Should you go under the knife?.
Men have known for quite some time that, just as women have breast enlargement surgery, men have penis enlargement surgery as an option. This isn't a subject that's discussed too much. The idea of a strange man taking a scalpel to your penis probably makes every man cringe and whimper. Nonetheless, hundreds of men undergo penis enlargement surgery every year.
What does penis enlargement surgery really do? And is this a penis enlargement solution you should consider?
Penis enlargement surgery is also known as penile augmentation or penile enhancement surgery. There are two different types of surgery - one to increase length and the other to increase penis girth. Generally speaking, patients choose to have both procedures at the same time. Can you imagine having two separate penis enlargement surgeries?
The procedure surgeons use to increase penis length sounds somewhat radical and can have some unusual side effects.
The corpora cavernosa, the chambers in the penis that fill with blood during an erection, exist on both sides of the pelvis. Most men have penis tissue they never see, because it is held inside the body -- up to 50% of the corpora cavernosa are held, invisible, within the body. By severing the suspensory ligaments that hold the corpora cavernosa in place, the concealed part of the penis is allowed to move forward.
The result is a relatively substantial gain in flaccid penis size. Surprisingly enough, the size of a man's erection increases very little.
There are two rather disturbing side effects to this type of surgery. First, the penis is no longer anchored to the pelvis. This isn't a problem most of the time, but during sex, this means the penis can shift and slip around. Also, without suspensory ligaments, the erect penis no longer points at the ceiling. Sometimes, it points at your toes. Modern surgical techniques can minimize this effect, but there will be a change in the angle of erection.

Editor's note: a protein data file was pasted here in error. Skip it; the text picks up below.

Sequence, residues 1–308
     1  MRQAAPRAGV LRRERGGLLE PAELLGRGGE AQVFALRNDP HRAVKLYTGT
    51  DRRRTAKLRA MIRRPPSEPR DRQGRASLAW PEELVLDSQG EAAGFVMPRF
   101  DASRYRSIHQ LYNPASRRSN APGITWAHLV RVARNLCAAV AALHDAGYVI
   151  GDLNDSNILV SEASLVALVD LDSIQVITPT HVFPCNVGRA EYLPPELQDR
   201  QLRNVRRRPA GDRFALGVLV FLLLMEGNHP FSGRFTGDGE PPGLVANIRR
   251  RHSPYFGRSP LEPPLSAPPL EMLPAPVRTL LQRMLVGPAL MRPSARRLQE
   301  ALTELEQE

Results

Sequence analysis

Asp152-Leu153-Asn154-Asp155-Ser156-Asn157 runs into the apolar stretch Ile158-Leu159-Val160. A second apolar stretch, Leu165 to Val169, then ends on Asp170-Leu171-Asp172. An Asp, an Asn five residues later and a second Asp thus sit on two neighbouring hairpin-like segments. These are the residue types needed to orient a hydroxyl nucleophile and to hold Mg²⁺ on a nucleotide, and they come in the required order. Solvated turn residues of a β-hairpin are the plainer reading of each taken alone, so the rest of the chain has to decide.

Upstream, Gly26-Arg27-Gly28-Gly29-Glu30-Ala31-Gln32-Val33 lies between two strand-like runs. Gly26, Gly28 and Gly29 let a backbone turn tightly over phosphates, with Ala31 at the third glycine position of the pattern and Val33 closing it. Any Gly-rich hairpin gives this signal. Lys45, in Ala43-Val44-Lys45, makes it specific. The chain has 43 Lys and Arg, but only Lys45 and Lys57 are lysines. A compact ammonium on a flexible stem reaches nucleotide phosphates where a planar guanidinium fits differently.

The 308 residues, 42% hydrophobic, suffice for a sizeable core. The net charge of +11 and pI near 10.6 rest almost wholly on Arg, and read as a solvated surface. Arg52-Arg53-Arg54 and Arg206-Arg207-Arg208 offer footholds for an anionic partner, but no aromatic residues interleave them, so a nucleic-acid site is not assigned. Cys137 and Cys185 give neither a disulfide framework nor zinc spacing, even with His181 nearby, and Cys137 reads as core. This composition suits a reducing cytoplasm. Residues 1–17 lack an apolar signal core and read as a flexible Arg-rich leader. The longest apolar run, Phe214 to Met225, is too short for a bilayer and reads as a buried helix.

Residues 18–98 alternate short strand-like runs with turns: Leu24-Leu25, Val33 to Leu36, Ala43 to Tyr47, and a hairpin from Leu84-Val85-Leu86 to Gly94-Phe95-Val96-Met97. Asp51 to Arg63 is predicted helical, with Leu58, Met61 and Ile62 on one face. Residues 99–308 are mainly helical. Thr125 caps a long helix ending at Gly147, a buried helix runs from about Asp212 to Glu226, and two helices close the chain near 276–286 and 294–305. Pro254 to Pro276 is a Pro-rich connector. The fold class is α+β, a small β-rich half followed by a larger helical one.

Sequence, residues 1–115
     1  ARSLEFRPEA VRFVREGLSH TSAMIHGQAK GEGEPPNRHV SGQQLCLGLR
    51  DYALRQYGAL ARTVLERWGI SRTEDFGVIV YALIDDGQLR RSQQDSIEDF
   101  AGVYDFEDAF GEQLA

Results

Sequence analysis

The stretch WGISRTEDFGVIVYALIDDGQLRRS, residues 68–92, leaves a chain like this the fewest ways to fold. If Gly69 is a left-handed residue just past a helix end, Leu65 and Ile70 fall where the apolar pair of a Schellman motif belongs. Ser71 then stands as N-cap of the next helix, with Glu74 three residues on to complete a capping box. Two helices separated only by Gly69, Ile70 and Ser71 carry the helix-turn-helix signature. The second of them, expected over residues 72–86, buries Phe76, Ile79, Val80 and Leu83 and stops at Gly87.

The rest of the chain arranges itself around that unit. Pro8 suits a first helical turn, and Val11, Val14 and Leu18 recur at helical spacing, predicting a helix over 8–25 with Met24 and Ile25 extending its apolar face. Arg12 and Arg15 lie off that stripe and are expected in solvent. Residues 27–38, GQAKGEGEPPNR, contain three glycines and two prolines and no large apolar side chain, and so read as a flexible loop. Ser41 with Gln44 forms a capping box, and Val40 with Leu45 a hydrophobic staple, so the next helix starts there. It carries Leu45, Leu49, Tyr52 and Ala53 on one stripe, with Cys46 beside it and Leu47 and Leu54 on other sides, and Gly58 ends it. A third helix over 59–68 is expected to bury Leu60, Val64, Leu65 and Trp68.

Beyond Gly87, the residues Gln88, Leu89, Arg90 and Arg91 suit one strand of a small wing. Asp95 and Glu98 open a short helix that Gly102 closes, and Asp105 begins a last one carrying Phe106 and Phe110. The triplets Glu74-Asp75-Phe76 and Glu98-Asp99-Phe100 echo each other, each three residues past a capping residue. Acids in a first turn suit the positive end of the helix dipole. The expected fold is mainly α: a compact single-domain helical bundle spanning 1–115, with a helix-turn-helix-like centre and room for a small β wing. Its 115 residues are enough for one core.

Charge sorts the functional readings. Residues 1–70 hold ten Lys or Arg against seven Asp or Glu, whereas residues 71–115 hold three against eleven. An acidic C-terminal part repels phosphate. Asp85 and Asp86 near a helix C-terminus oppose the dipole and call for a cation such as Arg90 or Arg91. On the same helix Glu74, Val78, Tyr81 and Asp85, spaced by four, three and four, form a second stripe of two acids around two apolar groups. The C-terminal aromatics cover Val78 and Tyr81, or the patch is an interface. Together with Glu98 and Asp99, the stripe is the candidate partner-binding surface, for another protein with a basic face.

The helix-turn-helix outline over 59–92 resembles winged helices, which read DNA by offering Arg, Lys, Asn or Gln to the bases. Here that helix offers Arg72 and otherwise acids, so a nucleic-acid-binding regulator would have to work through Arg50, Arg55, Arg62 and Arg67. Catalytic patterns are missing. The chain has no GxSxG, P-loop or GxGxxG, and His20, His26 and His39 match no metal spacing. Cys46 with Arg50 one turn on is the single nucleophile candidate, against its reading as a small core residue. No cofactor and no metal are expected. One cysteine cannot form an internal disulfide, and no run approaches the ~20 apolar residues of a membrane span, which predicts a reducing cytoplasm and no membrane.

The surgical procedure used to increase the thickness of the penis uses fat cells (usually removed from the abdomen or thighs) being transplanted into the penis. This procedure is frequently known as "fat transfer." The girth of the penis can be increased substantially, from 1-3 inches.
There are a couple of significant side effects to this procedure. The newly-transplanted tissue tends to feel rather soft... uncomfortably similar to female breast tissue. And if that's not bad enough, the fat cells are frequently re-absorbed by the body, so the increased girth is lost. But sometimes, this re-absorption occurs unevenly... leaving behind a lumpy penis.
An alternate to the fat transfer method, known as dermal transfer, eliminates the issue of absorption. In a dermal transfer surgery, a surgeon removes strips of skin and fat cells together and grafts them onto the penis. The main drawback with this type of surgery is that it is quite complex and there is a high risk of disfigurement.
Many, many surgeons simply refuse to perform phalloplasty or penis enlargement surgery. Despite the advances in the procedures and technology, the risks are just too great.
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